Ultimately, the goal is to declutter and let go so you can free up space in your home and mind. As long as you procrastinate, your belongings deteriorate and others don’t get to put them to use. So, do you love or hate garage sales? Please share your thoughts and stories below.

Are you ready to downsize or clear out that packed guest room, junk room, attic or garage? I can help you dig through and determine the best way to let go of everything, whether it’s through a garage sale or thoughtful donations to the right people and charities. Call 904-500-7678 (SORT), message me, or schedule your free consult for business or residential organizing, life and productivity coaching. I’d love to help you get some clarity so you can live the life you desire!

Barbara Trapp, CPO®, Certified Professional Organizer® and Life/Productivity Coach
Zen Your Den®  and Zen Your Biz™
Professional Member, NAPO (National Association of Productivity and Organizing Professionals)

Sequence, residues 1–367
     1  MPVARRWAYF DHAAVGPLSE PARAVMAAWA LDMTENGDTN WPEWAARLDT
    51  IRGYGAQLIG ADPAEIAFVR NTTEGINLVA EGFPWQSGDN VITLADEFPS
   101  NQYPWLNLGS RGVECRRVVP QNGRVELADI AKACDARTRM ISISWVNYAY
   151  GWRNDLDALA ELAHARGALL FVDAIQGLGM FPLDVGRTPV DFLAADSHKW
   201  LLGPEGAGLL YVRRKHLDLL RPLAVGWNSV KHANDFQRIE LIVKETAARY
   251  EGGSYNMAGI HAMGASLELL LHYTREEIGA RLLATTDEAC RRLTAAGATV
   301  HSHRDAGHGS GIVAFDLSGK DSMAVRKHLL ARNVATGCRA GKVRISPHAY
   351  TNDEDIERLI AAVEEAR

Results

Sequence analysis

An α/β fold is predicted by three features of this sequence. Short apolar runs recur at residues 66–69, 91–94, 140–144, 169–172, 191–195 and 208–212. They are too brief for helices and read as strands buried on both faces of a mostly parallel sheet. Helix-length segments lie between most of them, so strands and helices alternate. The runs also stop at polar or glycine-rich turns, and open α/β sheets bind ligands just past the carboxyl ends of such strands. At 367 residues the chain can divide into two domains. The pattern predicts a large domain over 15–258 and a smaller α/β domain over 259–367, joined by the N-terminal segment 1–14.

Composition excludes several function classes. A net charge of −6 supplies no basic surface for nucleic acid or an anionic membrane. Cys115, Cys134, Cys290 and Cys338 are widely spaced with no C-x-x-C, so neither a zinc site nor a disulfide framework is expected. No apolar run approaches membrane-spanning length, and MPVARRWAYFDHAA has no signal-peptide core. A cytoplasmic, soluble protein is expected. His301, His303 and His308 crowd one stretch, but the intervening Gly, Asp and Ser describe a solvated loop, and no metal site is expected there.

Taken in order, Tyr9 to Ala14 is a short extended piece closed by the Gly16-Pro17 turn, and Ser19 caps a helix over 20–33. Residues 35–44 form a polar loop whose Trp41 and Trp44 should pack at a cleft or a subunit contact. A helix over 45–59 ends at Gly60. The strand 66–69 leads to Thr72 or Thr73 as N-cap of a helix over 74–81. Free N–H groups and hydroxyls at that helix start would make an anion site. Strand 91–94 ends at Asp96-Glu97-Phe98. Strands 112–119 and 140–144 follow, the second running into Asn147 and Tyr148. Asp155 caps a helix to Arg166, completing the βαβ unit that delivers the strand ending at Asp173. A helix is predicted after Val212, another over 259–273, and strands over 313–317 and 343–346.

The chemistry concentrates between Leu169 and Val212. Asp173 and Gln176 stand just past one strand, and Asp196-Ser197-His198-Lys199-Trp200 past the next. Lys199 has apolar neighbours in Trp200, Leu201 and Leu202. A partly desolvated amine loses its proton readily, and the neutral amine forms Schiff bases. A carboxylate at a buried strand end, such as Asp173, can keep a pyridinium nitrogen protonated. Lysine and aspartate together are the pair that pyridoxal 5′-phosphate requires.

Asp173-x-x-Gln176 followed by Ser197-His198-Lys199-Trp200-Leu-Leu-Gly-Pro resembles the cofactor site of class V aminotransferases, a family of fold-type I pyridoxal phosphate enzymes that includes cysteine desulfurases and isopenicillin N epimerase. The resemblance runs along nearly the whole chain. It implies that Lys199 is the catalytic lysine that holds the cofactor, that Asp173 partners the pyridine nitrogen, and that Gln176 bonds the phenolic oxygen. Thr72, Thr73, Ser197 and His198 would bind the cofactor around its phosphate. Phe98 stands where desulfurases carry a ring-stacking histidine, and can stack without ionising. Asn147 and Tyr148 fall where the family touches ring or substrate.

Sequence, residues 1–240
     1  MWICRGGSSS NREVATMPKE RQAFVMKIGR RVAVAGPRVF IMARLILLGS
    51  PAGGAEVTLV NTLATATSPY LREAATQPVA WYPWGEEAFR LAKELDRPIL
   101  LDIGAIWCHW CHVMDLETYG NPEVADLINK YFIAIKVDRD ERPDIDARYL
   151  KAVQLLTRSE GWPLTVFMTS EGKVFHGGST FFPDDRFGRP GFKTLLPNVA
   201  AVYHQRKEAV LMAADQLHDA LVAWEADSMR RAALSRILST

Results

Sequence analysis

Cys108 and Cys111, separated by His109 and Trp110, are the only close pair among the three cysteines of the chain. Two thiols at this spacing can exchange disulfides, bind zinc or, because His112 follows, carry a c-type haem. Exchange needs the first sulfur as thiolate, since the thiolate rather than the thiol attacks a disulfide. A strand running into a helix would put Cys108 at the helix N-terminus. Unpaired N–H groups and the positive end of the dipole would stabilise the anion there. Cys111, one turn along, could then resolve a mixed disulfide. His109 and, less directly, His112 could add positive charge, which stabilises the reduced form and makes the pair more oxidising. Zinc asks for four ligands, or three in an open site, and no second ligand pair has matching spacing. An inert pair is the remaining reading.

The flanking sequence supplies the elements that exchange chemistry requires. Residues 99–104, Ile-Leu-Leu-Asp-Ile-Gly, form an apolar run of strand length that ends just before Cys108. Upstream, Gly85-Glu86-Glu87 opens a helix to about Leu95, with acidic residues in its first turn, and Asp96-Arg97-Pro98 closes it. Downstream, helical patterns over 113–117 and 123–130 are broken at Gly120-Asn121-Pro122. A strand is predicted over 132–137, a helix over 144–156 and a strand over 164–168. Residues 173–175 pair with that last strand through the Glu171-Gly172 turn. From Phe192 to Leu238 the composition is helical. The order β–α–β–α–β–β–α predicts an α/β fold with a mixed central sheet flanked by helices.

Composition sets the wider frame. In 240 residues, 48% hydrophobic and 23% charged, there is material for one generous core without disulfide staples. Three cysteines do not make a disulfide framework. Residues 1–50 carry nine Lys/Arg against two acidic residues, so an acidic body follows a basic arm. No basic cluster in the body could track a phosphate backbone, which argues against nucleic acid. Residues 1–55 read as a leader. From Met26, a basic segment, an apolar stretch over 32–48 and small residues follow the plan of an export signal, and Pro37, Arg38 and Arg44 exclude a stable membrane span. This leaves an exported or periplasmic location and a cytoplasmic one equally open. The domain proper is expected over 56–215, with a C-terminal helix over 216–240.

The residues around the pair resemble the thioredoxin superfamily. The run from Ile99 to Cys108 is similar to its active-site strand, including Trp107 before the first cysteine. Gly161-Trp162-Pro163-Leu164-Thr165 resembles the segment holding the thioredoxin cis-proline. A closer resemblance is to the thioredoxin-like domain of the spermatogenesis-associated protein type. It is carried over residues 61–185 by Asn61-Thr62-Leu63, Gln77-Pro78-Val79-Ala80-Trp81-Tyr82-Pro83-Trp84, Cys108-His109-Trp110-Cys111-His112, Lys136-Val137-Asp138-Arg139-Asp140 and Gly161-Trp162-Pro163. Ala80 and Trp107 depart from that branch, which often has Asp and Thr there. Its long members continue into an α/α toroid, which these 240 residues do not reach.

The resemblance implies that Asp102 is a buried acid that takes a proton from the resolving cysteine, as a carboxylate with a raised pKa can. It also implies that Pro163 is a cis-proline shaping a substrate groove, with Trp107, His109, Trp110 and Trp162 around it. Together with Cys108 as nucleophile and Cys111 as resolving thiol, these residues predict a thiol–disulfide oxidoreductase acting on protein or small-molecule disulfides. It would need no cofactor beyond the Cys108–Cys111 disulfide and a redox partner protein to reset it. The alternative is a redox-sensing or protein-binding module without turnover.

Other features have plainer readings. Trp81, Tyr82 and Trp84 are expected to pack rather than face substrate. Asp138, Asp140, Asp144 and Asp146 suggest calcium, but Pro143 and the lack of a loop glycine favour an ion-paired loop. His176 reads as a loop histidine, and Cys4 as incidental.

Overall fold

Life Transitions Specialist, NAPO
Residential Organizing Specialist, NAPO
Workplace Productivity Specialist, NAPO

Five Questions to Ask Yourself to Tame Your Monkey Mind

Monkey Mind is a Buddhist term to describe a restless, unsettled or confused mind. Sometimes I head to bed at night wide-eyed alert, but tired. My mind is still going even though I desperately need sleep. I play a hypnosis app that usually works well to talk me down and into sleep, but there are nights Read More

Photo of two monkeys on a hill in India by Ahmed Zayan on UnsplashMonkey Mind is a Buddhist term to describe a restless, unsettled or confused mind.

Sometimes I head to bed at night wide-eyed alert, but tired. My mind is still going even though I desperately need sleep. I play a hypnosis app that usually works well to talk me down and into sleep, but there are nights my monkey mind opens the door and lets in a squirrel and a hamster for good measure to party with the monkeys. Together they work through scenarios and problems, and in general, take up where I left off before going to bed. It’s exhausting!

Who needs sleep? (I do! You do!)

This often happens when I’m avoiding something and/or my mind is a cluttered wasteland of to-do’s, pending deadlines and unclear goals. One particular week, I was behind in my planner. The long list of tasks I had assigned to each day had created a log jam, with no time carved out to actually do them. In my enthusiasm for achieving my goals, I apparently had not allotted time for sleeping and recharging, ergo the unwanted visitors now carousing in my mind each night. I had unrealistic expectations for what I could accomplish each day.